Rum Cay itself is an interesting little island. Formerly thriving with a large salt production operation, the operation is now shut down and only about 30 people live on the island. Tourism from cruising sailors was important, but two hurricanes in a row slammed the island and destroyed the marina. The friendly owner, Robbie, has not been able to reopen despite valiant attempts. The whole situation is kind of sad.

Dana and I had beers at one of the small bars on Rum Cay and we played dominoes with the locals. The mail boat hadn’t come in weeks due to bad weather, so they ran out of beer after we’d only had one and they were almost out of rum! The one small market in town was in rough shape as well, with empty shelves and almost nothing for sale. We had dinner at the one restaurant in town, where we were assured there would be food available. The owner, Ruby, opened just for Dana, two other cruisers and me, and prepared a home cooked Bahamian meal of “peas and rice” (a local dish made with a type of bean, not peas), fried wahoo, fried chicken, salad, steamed vegetables, and cake with ice cream. It was fantastic.

The other boats in Rum Cay were Canadian, and we all ended up getting along famously. We had sundowner drinks on Jeff and Debbie’s catamaran, Sea Sparrow, and we had them over for cocktails on Eventyr. I snorkeled a couple times looking for dinner, but didn’t see any lobsters and the fish were too quick for me. I guess I need more practice. I did, however, find five or six conch while out for a snorkel with Dana, Jeff, and Debbie. Pierre and Jeff (a different Jeff), French Canadians, knew how to extract and prepare the conch and all the cruisers sat down to a delicious fresh conch salad on Pierre’s 42 foot Beneteau, Lady Ella. Rum Cay ended up being a stopping point for us four sailboats and we’re all heading south. We left Rum Cay the same day and arrived at Mayaguana the same morning as a flotilla of sorts. Eventyr is the smallest, and slowest of the group so we left a couple hours before the others. We didn’t see or hear from the other boats at all during the 29 hour sail, but it was comforting to know they were out there if something bad happened (for example if our engine died).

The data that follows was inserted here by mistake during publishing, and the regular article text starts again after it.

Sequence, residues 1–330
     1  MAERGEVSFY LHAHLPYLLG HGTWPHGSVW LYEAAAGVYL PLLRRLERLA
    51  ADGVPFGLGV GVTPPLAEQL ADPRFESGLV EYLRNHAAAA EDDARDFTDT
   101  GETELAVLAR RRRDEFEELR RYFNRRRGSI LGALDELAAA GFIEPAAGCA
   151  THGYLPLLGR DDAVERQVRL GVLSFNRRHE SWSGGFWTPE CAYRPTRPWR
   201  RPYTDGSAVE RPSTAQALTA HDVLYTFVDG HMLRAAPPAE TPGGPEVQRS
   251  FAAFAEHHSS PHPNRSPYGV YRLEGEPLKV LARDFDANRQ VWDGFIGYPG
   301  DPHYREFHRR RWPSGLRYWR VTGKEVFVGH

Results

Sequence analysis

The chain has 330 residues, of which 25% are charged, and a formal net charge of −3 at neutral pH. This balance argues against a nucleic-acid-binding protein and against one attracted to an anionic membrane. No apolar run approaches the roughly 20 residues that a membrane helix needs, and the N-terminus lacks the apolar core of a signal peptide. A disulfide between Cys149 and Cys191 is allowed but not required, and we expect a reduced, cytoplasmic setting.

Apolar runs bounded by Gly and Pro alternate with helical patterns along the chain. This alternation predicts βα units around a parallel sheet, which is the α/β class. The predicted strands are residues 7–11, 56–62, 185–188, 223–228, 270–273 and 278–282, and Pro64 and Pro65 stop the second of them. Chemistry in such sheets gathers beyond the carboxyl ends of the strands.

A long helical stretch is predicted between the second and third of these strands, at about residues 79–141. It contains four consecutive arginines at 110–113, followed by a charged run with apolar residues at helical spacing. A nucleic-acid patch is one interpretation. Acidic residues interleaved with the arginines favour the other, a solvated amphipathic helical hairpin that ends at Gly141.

Note the missing boards in the dock

Cruisers look out for one another. A good example was something that happened late in the afternoon the day before we departed Rum Cay for Mayaguana. The four buddy boats anchored out for the night (to avoid that nasty, disheveled, dangerous dock and to skip navigating the unmarked channel at 5 am), and Dana and I dinghied to shore for some beach time, one last look at the internet which was available at a bar, and possibly a beer or two (since the mail boat finally arrived the night before).

Before our beers even arrived we heard a frantic call on the VHF, “If anyone has a dinghy in the water, we’ve run aground near the marina and the tide is falling. We need help!” Dana and I radioed back that we had a dinghy and we’d be over in a minute. The dinghies from two of our buddy boats came as well with their larger, more powerful outboard engines. Vision Quest was stuck hard in the sand and the captain was gunning his engine to no avail. The two Jeffs tied lines from the backs of their dinghies to the top of Vision Quest’s mast, Vision Quest raised all her sails and the captain again gunned the engine. It was a pretty amazing sight, a sailboat with full sails, heeled over catching the wind, but staying completely still. The hope was that the boat would lean over enough for the keel to pop out of the sand. After several unsuccessful tries, Vision Quest suddenly lurched forward and sprung free of her sandy trap. However, now she was under full sails heading into the coral strewn unmarked channel. Luckily, they made it out safely and anchored near us for the night. We just met up with Vision Quest again in Mayaguana and it turns out they broke part of their keel in the process.

Now we’re stuck in Mayaguana waiting for another weather window so we can make it across the Caicos Passage to the Turks and Caicos (which is less than 50 miles away). Abraham’s Bay is another small settlement without much going on. I think Dana and I have already met most of the residents, as we went into town for dinner and drinks last night, filled our water jugs this morning, and went for runs. I’m confident the winds will shift enough for us to get the Providenciales to meet Patrck and Shanley before the 15th. In the meanwhile, I’ll hone my spear fishing skills and I’m sure we’ll have a few sundowner cocktails with the other cruisers anchored around us. We’re all waiting for the same weather window again.